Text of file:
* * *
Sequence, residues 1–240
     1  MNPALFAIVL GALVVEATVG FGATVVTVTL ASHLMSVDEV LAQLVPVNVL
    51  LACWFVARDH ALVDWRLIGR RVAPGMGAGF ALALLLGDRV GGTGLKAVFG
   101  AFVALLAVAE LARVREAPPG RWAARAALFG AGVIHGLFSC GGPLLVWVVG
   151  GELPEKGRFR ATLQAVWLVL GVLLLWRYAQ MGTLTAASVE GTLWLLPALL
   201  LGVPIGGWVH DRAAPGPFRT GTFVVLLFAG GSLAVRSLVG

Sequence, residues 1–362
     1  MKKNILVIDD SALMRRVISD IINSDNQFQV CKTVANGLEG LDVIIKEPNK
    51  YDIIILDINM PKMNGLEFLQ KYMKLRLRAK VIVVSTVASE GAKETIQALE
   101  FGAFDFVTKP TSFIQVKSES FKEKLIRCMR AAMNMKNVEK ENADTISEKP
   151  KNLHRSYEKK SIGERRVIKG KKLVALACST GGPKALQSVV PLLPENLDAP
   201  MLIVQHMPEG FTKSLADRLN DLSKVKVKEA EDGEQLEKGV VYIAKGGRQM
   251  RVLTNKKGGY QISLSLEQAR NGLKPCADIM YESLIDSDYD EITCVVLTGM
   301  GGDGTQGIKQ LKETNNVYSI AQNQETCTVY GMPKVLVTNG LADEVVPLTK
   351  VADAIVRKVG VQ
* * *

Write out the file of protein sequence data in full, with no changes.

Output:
Sequence, residues 1–240
     1  MNPALFAIVL GALVVEATVG FGATVVTVTL ASHLMSVDEV LAQLVPVNVL
    51  LACWFVARDH ALVDWRLIGR RVAPGMGAGF ALALLLGDRV GGTGLKAVFG
   101  AFVALLAVAE LARVREAPPG RWAARAALFG AGVIHGLFSC GGPLLVWVVG
   151  GELPEKGRFR ATLQAVWLVL GVLLLWRYAQ MGTLTAASVE GTLWLLPALL
   201  LGVPIGGWVH DRAAPGPFRT GTFVVLLFAG GSLAVRSLVG

Sequence, residues 1–362
     1  MKKNILVIDD SALMRRVISD IINSDNQFQV CKTVANGLEG LDVIIKEPNK
    51  YDIIILDINM PKMNGLEFLQ KYMKLRLRAK VIVVSTVASE GAKETIQALE
   101  FGAFDFVTKP TSFIQVKSES FKEKLIRCMR AAMNMKNVEK ENADTISEKP
   151  KNLHRSYEKK SIGERRVIKG KKLVALACST GGPKALQSVV PLLPENLDAP
   201  MLIVQHMPEG FTKSLADRLN DLSKVKVKEA EDGEQLEKGV VYIAKGGRQM
   251  RVLTNKKGGY QISLSLEQAR NGLKPCADIM YESLIDSDYD EITCVVLTGM
   301  GGDGTQGIKQ LKETNNVYSI AQNQETCTVY GMPKVLVTNG LADEVVPLTK
   351  VADAIVRKVG VQ